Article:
Findings in the network literature suggest self-reports are poor indicators of observable communication behavior. As researchers traditionally have studied organizational communication behavior through self-reports, a rather large body of findings is rendered equivocal because it is not known what self-reports actually measure. In this study, the authors conceptualize self-reports of communication as a type of account, and conduct interviews based on Simon's protocol analysis technique with participants in an organizational simulation. Descriptive content analysis of the responses shows that participants use a wide variety of resources to account for their communication with others, and focus these resources on a variety of social units. Loglinear analysis of coded resource-use patterns shows that resource use is significantly idiosyncratic, and that individual differences are partially related to personality and cognitive style traits of the participants. Implications for the use of self-report data for future organizational communication research are discussed.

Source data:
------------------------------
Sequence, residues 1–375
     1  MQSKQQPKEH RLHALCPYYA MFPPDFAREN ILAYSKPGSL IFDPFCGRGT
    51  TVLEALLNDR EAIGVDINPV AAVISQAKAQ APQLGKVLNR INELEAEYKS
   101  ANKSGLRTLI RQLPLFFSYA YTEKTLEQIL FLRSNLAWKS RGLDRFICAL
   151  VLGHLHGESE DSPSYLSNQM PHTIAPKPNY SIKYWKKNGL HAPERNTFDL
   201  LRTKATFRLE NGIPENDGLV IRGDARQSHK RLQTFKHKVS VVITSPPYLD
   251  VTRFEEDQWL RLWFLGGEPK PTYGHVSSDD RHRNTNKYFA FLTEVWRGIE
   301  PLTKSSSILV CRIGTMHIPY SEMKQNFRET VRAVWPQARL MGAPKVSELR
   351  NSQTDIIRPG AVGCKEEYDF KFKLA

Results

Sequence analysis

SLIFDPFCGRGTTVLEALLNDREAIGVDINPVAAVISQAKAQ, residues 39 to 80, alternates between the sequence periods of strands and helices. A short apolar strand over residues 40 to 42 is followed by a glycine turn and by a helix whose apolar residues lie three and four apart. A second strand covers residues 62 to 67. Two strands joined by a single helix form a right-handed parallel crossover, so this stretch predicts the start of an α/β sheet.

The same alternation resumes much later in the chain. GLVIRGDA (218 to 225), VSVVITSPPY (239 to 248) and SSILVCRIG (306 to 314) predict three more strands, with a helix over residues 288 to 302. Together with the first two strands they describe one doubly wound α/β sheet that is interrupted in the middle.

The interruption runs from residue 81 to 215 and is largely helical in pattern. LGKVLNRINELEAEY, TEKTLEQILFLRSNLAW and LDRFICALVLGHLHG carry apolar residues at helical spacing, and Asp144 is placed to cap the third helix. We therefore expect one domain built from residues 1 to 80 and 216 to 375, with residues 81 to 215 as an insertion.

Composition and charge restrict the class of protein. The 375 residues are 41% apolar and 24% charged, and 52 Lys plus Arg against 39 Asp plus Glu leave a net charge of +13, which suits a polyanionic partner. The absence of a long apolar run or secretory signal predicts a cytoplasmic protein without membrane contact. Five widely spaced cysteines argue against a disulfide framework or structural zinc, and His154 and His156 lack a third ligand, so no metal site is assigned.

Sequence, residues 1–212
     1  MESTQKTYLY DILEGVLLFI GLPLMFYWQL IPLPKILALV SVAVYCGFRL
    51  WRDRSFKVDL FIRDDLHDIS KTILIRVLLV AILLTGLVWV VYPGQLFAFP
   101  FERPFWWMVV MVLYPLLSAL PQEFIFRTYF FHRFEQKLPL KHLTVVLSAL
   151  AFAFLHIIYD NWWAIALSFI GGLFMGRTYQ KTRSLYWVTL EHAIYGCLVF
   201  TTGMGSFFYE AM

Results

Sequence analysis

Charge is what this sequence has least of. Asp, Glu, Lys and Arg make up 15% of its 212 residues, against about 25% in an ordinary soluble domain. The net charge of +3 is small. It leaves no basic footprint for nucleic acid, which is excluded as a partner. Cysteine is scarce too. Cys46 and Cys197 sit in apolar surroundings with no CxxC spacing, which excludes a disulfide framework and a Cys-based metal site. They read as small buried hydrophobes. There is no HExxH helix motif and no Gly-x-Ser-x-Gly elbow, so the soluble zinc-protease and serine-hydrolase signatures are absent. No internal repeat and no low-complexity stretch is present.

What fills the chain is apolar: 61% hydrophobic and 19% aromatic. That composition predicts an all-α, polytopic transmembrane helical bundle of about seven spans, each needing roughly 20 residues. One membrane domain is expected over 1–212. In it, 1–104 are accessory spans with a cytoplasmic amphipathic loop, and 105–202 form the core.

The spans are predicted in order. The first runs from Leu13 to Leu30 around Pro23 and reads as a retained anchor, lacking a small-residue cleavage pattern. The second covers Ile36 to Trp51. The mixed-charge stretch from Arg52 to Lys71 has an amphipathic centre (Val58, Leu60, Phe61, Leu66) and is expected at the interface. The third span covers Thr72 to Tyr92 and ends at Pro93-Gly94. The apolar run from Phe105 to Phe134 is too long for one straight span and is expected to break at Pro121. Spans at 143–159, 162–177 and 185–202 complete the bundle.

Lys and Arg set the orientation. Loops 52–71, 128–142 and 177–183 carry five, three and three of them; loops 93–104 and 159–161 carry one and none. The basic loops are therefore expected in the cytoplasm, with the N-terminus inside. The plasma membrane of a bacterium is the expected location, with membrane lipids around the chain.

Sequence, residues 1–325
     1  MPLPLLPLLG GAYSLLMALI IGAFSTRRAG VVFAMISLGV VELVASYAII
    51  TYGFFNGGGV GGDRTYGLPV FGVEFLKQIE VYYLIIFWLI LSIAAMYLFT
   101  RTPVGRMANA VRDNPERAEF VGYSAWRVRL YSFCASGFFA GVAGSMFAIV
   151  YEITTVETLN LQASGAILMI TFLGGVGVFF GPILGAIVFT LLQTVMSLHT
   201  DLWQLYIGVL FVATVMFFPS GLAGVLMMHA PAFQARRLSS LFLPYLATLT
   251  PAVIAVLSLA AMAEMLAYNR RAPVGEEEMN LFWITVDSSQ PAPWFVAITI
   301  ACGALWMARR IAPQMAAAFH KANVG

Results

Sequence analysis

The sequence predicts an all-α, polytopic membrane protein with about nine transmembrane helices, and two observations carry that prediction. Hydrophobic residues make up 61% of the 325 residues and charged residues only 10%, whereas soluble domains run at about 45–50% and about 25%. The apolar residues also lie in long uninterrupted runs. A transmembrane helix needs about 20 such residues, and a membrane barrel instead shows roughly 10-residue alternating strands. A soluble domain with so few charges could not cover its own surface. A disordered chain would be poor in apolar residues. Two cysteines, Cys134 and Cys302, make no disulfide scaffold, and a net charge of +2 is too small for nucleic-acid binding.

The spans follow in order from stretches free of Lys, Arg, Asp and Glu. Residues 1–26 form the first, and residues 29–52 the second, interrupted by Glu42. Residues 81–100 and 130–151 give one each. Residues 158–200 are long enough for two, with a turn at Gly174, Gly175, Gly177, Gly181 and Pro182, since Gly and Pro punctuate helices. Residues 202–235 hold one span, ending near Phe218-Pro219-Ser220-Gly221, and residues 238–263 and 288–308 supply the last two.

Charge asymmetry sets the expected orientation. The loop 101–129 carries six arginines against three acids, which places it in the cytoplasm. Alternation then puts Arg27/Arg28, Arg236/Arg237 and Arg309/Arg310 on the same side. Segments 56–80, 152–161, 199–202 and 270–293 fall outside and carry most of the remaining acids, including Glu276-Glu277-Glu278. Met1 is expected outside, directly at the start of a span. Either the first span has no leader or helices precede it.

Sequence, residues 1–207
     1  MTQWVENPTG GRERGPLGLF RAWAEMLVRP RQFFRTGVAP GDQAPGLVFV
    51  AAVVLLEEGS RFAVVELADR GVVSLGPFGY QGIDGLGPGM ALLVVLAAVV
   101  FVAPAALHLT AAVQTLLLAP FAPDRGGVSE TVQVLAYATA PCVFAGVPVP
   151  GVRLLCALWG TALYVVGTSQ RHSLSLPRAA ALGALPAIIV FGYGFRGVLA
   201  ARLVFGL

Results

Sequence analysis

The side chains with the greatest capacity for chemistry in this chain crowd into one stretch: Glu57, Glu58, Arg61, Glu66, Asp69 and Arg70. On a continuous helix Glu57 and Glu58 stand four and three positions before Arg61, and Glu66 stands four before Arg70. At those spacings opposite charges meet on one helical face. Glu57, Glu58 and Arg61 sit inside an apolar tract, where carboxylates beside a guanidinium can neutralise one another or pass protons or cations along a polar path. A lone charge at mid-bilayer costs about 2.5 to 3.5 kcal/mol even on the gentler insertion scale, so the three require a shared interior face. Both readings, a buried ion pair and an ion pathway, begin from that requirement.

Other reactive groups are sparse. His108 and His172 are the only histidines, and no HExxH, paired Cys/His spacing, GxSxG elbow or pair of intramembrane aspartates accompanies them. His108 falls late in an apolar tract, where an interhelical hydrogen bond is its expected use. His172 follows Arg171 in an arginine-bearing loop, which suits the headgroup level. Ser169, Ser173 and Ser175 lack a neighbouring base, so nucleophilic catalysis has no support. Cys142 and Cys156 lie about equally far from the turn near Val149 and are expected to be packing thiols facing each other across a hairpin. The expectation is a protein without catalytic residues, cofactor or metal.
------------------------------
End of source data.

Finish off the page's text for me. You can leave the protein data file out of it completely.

ASJC Scopus subject areas
- Strategy and Management